By Christi M. Lero, MSW, LCSW, CSW-G
These are strange times…
We can keep saying it and it will keep being true. We are in some weird times, folks. COVID-19 and its impact has certainly rocked our worlds – rocked theworld! We have made it this far into “the curve” and many news platforms and outlets are talking about plans to phase back into society. Stay-at-home orders are lifting, businesses are given more leeway to provide their services, albeit the restrictions for six feet or more of distance are still in place. With restrictions lifting, that means we will see creative ways in which businesses and public spaces take precautions for public well-being.
I work a lot with folks going through transitions in life. Changes like parenthood, chronic and terminal illness, even end of life. One of the most common things that is helpful when we are going to significant transitions is information. Throughout this experience with COVID-19 we have heard over and over that things about the virus itself, the economy, and the expectations of the future remain uncertain. This is true, there is a lot of uncertainty… andthere are things that we know will be different. Understanding what to expect, even if the expectations seem simple, can ease anxiety about uncertainty.
So, what can we expect as communities begin to open up and we poke our heads out of our homes? Here are a few ideas:
Things will look different post Covid
As we venture out into our communities, we might notice that things look different. People around us might be wearing masks or gloves. There will be more physical distance between tables and chairs, desks in your workspace. If you are used to going to work and seeing someone else relatively close to you, that will probably be different.
Things will sound different post Covid
We have already developed somewhat of a new language. Words that we used to never know have now become a part of everyday use. Before this year, we never would have needed to know about social distancing, coronavirus, N-95 masks, ventilators, and much more. Yet here we are, using these new terms every day.
Our interactions & relationships will be different post Covid
As much as we might want to, we will still not be able to run up and give a friend a hug, or high-five a coworker on a job well done. In fact, we might even be wary of touching people, door handles, using the pen tethered to the counter at the bank. Interacting with others will feel weird because we are used to having conversations closer than six feet from someone. Or maybe, now, since we have been using video conferencing and other ways to keep in touch, it will be weird to be in someone else’s presence again.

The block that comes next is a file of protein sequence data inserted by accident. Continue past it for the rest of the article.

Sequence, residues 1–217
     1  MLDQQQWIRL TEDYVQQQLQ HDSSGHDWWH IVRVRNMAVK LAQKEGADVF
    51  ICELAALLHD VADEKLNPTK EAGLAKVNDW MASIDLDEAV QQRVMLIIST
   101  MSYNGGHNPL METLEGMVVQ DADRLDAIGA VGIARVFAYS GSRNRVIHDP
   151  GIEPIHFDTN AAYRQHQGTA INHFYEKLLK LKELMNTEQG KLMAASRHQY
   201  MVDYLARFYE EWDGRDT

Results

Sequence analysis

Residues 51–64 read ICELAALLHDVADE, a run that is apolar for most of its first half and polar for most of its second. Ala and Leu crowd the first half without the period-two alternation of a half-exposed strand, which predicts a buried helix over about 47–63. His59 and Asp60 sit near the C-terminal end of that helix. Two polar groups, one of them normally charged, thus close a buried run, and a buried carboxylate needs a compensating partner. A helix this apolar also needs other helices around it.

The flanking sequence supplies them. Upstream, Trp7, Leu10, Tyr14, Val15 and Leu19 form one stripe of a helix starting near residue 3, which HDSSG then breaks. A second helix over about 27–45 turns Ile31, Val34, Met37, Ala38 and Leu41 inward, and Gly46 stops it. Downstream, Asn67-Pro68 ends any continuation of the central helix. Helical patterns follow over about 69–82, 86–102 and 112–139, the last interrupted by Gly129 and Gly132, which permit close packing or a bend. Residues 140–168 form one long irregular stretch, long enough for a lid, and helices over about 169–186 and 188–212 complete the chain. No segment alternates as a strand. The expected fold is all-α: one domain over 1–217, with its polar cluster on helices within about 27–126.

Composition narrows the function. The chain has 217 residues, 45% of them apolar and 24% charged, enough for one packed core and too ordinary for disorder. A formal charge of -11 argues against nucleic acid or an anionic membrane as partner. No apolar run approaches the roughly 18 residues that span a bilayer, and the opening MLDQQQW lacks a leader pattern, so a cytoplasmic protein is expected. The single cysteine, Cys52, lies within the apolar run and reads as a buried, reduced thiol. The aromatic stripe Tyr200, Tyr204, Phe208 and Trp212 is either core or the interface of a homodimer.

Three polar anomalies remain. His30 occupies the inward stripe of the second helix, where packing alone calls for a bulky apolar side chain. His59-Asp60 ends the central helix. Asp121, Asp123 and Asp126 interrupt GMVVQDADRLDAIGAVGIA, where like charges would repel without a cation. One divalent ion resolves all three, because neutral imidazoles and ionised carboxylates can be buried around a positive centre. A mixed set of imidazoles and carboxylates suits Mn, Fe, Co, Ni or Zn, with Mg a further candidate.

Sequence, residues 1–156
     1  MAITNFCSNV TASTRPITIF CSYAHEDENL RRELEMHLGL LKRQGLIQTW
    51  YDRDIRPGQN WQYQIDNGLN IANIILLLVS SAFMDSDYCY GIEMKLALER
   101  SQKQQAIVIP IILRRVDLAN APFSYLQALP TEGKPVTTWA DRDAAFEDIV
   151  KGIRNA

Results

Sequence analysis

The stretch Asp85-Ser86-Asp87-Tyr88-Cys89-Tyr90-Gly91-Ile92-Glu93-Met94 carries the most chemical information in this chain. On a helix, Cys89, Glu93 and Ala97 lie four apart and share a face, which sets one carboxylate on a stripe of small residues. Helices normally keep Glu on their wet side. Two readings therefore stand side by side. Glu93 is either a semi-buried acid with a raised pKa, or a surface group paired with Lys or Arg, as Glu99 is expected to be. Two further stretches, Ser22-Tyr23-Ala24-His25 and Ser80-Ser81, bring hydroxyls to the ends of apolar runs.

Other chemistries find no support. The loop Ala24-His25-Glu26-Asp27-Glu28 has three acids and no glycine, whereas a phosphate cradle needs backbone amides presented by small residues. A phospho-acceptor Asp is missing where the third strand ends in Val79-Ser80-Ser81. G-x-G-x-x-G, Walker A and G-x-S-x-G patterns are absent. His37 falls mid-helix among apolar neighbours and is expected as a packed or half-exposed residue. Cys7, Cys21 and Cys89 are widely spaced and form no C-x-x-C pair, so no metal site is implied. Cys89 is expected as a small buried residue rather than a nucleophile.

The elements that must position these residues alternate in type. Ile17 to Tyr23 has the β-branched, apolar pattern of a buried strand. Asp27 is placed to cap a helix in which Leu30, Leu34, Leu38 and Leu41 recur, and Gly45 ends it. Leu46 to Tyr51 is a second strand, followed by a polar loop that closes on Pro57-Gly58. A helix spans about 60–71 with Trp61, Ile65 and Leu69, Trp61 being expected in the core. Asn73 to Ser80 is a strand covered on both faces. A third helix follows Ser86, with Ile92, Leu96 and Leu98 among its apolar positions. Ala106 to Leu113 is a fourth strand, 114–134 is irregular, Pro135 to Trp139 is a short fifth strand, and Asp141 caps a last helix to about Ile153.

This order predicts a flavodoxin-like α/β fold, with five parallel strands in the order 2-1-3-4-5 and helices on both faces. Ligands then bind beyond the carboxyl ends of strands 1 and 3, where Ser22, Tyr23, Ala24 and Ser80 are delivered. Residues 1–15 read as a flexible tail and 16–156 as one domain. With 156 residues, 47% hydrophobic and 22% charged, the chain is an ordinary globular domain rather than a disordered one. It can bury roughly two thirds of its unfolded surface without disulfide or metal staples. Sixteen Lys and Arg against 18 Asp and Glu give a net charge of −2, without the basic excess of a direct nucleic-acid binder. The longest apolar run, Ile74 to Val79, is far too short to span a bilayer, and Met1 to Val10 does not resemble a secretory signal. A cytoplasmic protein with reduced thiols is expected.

Blank spaces post Covid
The impact of the coronavirus and subsequent stay-at-home orders is certainly something we have never seen before. Unfortunately, some businesses have already shut down. Even larger corporations have closed store locations. That means storefronts will be closed, signs will be blank or read “for sale/rent/lease.” It also means the spaces where some places would serve complementary items like drinks, snacks, or even toothpicks may be empty.
What to expect when you notice something different
The list above is certainly not exhaustive. There are many more things that you will notice are different as a result of the COVID-19 pandemic. This is a transition we are not through yet, and things will continue to change throughout our journey together. When you notice something different or something missing, it is normal for your thoughts to go several places. You might feel angry or frustrated about limitations placed on what you can and cannot do in public. You might be anxious about what things you have touched or how close in proximity you are to someone else. You might make judgments about your own or others’ behavior. These things are normal in a time of uncertainty and change. What you can do about these thoughts and feelings is allow them to be present in your mind, recognize and name them (“wow, I’m thinking about what I have touched today and I never did that before,”) and give yourself some space to feel the feels. Know it is normal and uncomfortable, and it will pass.
We are all in this together. This is the first time anyone has been through a global pandemic and no one knows how to handle this perfectly. We are doing the best we can, with the information we have, in the situation we are in. Cut yourself some slack, show compassion, and be willing to be a little more flexible than usual with the constant change.
Get Support in Mid Missouri Through Counseling
If flexibility, change or transitions are tough for you and you are struggling, you do not have to struggle alone. . Counseling can help. At Aspire Counseling, we have caring therapists who provide effective counseling services so you can be the best version of yourself. Each of our therapists specialize in something different so we can help with a wide range of issues including grief, teens, trauma/PTSD (children, teens & adults), depression, anxiety & more in an LGBTQ affirming counseling setting. We are able to see people in person at our Columbia, MO counseling clinic or offer online counseling sessions to anyone in the state of Missouri.
Here’s how to start therapy at Aspire: 1. Contact us to get matched with a therapist 2. Meet with your therapist for a free consultation to make sure you’re a great fit 3. Begin your path toward healing.